Professors Matthew Rungaitis and Pamela Williams-Paez debated the merits of free speech at a seminar held May 15 at College of the Canyons.
The panel, titled “A Campus Dialogue: Freedom of Speech or Hate Speech?” opened dialogue up between two ideologically differing professors on whether hate speech should be allowed on college campuses or not.
Rungaitis, a law professor, cited the constitution as evidence for the allowance of hate speech. He states that college students nowadays are too sensitive, and need “tougher skin” when navigating the differing opinions one can potentially be offended by at a college campus.
However, sociology professor Williams-Paez countered that there is a definite difference between being offended and being oppressed. When language and behavior is used to stifle the opinions of people based off of their skin color, religion, or identity, this constitutes hate speech, not the opinion of a “whiny college student.” Many marginalized people are at risk of being oppressed or worse, according to Williams-Paez, and the belief that these students are merely too sensitive is misguided at best and dangerous at worst.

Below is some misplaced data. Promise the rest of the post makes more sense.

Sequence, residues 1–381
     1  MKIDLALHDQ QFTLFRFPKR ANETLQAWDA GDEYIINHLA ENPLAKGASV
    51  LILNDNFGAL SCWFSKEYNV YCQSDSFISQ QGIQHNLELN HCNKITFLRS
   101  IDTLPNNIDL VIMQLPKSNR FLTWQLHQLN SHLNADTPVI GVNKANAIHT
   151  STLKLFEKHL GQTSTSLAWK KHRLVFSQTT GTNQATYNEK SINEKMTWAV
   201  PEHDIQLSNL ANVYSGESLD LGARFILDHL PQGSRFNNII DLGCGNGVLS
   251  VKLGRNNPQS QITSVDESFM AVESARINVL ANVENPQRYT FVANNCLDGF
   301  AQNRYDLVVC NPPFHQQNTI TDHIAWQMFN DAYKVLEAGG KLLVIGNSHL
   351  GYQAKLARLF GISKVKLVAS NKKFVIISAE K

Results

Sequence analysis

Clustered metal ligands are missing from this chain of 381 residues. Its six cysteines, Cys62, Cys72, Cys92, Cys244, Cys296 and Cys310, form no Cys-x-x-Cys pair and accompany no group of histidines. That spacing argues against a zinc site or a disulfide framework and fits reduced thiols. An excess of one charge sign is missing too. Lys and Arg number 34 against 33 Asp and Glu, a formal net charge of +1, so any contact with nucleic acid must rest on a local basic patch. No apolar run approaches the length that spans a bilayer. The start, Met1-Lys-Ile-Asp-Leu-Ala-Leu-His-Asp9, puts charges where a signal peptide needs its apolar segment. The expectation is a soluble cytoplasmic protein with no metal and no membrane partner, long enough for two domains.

Santa Clarita has a long and storied history in terms of systemic racism. In 1924, a Saugus deputy named Ed Brown was killed, and his funeral was paid for by the Ku Klux Klan. The valley’s issues with the Klan didn’t stop there, as LA County’s hate group squadron is now located out of Valencia.
In more recent history, hate crime statistics have been on the rise as of 2016, for the first time since 2011, according to The Signal. 2011 was also the year Anthony Bedgood’s car was set on fire, with his garage door sprayed with a racial epiphet.
Perhaps the most telling sign of Santa Clarita’s problems with systemic racism lie in its leadership; in 2010, former Santa Clarita mayor Bob Kellar announced at an anti-immigration rally that he was a “proud racist,” stating, “The only thing I heard back from a couple of people was `Bob, you sound like a racist.’ I said, `That’s good. If that’s what you think I am because I happen to believe in America, then I’m a proud racist. You’re darn right I am.”‘
Hate speech is not presently covered under constitutional law, and due to the ever-evolving nature of offensive language, there is no clear cut definition on what constitutes hate speech. Since most of what can be considered hate speech can therefore be considered free speech, one that uses hateful speech should not then be surprised if someone speaks their mind in response.